By Carmen Elena Villa
Zenit.org).- An image of the newly proclaimed patron of all priests was center stage this morning, hanging from the balcony of St. Peter’s Basilica, as Benedict XVI and 15,000 priest-concelebrants closed the Year for Priests with a Mass for the feast of the Sacred Heart.
St. Peter’s Square was teeming with rows of white-vested priests from every corner of the globe, as well as 80 cardinals and 350 archbishops and bishops.
Priests began to file in at 7:30 a.m. for the 10 a.m. Mass — thousands of them have been in Rome for the three days of closing celebrations that culminated today. By 8:30, the procession was under way, and 15 minutes later, St. Peter’s bells sounded the final preparation for the Mass.
Hymns and texts alluding to the priestly vocation enabled the thousands of concelebrants and participants in this event to recollect themselves before the Eucharistic celebration.
As is customary for such events, the liturgy was carried out in several languages, with readings focusing on the theme of the Good Shepherd.
As the Mass progressed, the intense heat of a Roman late spring washed over the priests, but there was still an atmosphere of prayer and recollection as they prepared to renew their ordination vows after the Holy Father’s homily.
Benedict XVI’s words were full of encouragement for the priests. The Bishop of Rome told them that the priesthood is “a gift concealed in ‘earthen vessels’ which ever anew, even amid human weakness, makes [God’s] love concretely present in this world.”
ZENIT spoke with a few of the thousands of priests who came to Rome to close their year.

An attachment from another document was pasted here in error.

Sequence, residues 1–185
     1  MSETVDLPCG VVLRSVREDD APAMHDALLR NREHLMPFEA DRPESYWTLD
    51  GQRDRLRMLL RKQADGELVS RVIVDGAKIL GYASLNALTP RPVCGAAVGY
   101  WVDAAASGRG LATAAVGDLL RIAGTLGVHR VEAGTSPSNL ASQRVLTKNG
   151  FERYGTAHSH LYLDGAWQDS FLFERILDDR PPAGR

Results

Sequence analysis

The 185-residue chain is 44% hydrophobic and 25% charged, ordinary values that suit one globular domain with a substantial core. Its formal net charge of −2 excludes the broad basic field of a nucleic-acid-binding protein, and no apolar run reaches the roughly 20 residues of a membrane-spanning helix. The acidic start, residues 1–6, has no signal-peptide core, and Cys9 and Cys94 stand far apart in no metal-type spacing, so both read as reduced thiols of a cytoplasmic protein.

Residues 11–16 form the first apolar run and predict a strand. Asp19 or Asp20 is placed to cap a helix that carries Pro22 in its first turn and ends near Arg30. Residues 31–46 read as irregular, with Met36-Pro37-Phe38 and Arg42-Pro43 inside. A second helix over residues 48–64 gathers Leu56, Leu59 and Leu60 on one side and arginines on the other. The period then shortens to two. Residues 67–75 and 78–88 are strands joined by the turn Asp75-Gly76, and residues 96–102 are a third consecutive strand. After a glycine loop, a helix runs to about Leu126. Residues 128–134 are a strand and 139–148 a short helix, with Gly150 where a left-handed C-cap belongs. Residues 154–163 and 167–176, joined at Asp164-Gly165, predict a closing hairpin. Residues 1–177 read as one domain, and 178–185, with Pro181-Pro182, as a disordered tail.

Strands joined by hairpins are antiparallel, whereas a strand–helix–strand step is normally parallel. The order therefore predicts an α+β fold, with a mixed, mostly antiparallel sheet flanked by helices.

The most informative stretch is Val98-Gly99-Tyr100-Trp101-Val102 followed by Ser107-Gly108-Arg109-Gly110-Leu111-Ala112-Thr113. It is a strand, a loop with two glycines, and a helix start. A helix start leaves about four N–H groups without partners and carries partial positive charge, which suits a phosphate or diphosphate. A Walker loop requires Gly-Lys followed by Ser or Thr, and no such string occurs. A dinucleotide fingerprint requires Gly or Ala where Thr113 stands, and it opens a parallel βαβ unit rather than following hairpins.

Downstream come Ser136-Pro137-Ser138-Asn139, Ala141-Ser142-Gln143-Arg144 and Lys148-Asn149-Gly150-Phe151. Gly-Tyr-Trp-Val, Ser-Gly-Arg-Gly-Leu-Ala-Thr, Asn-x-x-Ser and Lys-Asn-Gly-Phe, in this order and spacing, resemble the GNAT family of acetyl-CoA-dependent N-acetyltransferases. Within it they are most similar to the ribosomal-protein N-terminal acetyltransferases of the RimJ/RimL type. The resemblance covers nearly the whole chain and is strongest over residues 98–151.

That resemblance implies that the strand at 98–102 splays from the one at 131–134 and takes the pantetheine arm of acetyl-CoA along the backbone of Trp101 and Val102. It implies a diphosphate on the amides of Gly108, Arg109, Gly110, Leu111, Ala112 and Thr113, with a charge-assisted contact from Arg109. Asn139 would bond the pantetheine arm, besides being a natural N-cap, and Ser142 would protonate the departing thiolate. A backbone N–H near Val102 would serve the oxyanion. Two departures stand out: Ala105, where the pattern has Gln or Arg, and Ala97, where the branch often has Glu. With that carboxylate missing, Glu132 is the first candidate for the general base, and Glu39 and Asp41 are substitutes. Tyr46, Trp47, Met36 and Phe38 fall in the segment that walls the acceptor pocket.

Father Thomas Surlis, of the Diocese of Achonry, Ireland, told us that one of the aspects he’s most considered during these days is that the priesthood “not only is a job but a vocation and a profound identification.”
He also referred to the difficult situation of the clergy in his country, where the scandal of sexual abuse by priests has been particularly intense. “The future is somewhat uncertain. However, many faithful are pleased with their priests. There is always hope for the future because Jesus is with us,” he said.
Father Armando Cruz Ventura, of the Diocese of San Miguel, El Salvador, reflected that during these days of meetings “we have said how proud we are to be Catholics and what satisfaction it is to come to the Rock of Peter to confirm that the Church opens doors to life and to hope!”
Father Alejandro Bertolini of the Diocese of San Isidro, Argentina, said that the greatest fruit the year brought for his life was that of “personal conversion.” A year that “allowed me to touch the signs of the times.”
“This media war against the Church, as a result of the sin of the Church, made me reflect and be in harmony not only with the Church but with the victims,” he said, affirming that this necessarily brings about a conversion.
At the end of the Mass, Benedict XVI entrusted the priests of the world to the Virgin Mary, asking her help to make priests worthy of their “sublime vocation” and to protect them from the “suggestions of the Evil One.”